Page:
My fingers lingered over the fabric cover as I pulled the book out of a pile. On the cover, the eyes of a family in an old black-and-white family photo peered out, superimposed on top of a modern color image of the same photo studio. Flipping through the pages I realized that this is much more than a book of random family scrapbook images. This is a deliberate re-construction of one immigrant’s personal history — and a meditation on the interplay of photography, time, distance, and memory.
The text begins: “One winter’s day in 2001, I was helping my mother clean her house. I busied myself with the dusting and vacuuming, working my way through the house. By the time I got to her bedroom, I found my mother going through her belongings: family snapshots, letters, an assortment of pocket-sized calendars, old diaries, scraps of paper with dates and notes written on them. It occurred to me that although she and my father lived in a reasonably sized house, she had very few material things. Apart from half a wardrobe of clothes and shoes, it seemed that most of her treasures could fit in a biscuit tin. With so few belongings, I wondered if perhaps the things most important to her were stored inside her head?”
And so began the artist’s journey: Dinu Li and his mother, side by side, piecing together recollections and places of the past with their present day realities. Like paging through their family album, we are drawn into his mother’s life story as they retrace her steps from China to Hong Kong to England.
The story opens like a film. A flight over the snowy mountaintops of China. Fade into a woman gazing out a window. Gauzy curtains fall over his mother like a thin veil of dust in the rooms of her past. With time, would we even recognize the places of our past? Would we choose to keep the memory, distorted over time, of these places, or would we risk going back to question everything we think we know? Where is the truth? In the photo or in the memory? Has the photograph become our memory and the stories of our lives become built around the pages of our family photo albums?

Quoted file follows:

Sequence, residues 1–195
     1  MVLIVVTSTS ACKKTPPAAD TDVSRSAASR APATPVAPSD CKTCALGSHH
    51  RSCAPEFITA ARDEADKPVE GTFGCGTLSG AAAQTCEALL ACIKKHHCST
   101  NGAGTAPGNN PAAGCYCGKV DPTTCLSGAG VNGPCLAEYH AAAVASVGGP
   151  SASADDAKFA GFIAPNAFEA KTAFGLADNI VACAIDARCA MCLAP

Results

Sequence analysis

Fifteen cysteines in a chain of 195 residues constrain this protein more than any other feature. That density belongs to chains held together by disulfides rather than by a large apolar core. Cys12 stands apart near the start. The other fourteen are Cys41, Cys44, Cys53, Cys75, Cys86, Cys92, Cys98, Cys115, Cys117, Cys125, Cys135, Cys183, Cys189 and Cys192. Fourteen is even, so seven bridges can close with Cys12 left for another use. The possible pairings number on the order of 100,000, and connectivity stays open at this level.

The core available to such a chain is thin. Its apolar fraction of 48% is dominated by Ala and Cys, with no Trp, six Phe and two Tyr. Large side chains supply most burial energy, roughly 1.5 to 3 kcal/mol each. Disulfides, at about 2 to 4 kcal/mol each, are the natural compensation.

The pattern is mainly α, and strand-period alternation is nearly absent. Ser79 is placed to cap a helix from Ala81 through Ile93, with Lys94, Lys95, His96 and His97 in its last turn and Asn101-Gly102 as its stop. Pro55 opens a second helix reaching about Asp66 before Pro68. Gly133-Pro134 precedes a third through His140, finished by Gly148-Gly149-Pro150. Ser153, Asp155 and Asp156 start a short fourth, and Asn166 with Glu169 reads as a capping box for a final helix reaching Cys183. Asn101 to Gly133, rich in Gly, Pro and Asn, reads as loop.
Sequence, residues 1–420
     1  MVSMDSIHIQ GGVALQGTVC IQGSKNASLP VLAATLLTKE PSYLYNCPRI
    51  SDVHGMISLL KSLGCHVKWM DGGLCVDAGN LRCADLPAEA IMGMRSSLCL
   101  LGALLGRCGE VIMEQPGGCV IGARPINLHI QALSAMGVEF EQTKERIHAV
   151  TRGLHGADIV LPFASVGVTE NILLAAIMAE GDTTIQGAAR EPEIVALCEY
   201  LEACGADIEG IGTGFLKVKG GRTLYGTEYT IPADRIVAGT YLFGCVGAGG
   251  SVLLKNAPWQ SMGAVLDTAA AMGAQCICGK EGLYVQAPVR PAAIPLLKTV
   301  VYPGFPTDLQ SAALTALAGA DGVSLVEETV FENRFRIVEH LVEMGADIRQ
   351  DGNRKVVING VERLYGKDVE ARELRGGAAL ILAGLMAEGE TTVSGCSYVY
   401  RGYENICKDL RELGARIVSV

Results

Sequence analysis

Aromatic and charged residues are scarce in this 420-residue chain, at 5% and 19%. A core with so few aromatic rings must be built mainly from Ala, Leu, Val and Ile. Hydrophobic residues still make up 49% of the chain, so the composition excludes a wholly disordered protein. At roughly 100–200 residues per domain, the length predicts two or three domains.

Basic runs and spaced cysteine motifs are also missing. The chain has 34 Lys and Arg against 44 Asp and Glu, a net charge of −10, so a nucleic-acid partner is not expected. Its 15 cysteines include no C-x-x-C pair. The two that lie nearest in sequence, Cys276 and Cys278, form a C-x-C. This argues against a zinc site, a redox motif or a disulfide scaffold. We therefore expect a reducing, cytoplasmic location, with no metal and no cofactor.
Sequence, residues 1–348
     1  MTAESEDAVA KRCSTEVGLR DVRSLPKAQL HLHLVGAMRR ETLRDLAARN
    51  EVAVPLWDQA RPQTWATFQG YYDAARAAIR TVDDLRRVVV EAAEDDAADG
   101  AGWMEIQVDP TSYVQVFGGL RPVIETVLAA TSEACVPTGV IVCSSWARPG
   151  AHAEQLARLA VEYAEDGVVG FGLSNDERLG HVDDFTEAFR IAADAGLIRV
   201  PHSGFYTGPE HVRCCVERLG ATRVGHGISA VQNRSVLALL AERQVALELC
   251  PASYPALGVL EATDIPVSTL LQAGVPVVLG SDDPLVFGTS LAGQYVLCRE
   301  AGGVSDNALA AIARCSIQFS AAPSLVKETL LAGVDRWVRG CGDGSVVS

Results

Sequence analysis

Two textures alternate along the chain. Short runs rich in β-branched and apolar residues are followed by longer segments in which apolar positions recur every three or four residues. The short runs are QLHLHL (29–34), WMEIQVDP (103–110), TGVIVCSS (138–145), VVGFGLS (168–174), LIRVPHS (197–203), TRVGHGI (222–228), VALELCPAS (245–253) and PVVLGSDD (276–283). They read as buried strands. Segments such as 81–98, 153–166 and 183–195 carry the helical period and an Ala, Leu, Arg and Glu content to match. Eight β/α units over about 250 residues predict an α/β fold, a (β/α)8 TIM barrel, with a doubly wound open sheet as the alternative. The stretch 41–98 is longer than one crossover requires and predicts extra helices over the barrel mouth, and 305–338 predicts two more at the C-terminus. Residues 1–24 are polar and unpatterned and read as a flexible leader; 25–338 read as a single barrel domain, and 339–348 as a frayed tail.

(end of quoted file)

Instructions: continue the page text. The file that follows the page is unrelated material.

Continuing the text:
A mix of present and past, Dinu Li combines family photos, his mother’s recollections, and images of the places they revisit as they actually are now. Weathered old family photos, reproduced in their original sizes, juxtaposed against the super-saturated colors of the rooms of her past, decayed with time, keep the reader in a limbo somewhere between then and now. The recent photos tell a story of China’s changing landscape over time. Just as our memory shifts so does the land around us. We have the images and the anecdotal details to imagine what her life must have been like. And we also see the life that continued in those places after she had left.
Li succeeds in recapturing the intimate story of his mother’s life as she migrated from China to England, which is at the same time part of his own story. He is a first-generation Chinese-English man rediscovering, perhaps even creating, his past, through the snapshots and oral history of his mother. He tells a universal story of a daughter, a wife, and a mother, as seen through the eyes of her son. A rare story of Chinese heritage that will leave you with more questions than answers — and perhaps encourage you to blow the dust off the pages of your own family album.
— Colleen Leonard
The Mother of All Journeys
by Dinu Li
Hardback, clothbound with insert
96 pages, 62 color photographs
280mm x 225mm
Dewi Lewis Publishing 2007
What gets left behind after a masterpiece is created? In a long-running project,photographs artists' rags after the artist is done with them. The rags come in all shapes and sizes and from all over the world.
A master offering his advice on how to see and connect the world while working within the limits of a camera frame.
With beads, colored thread and scissors, French photographer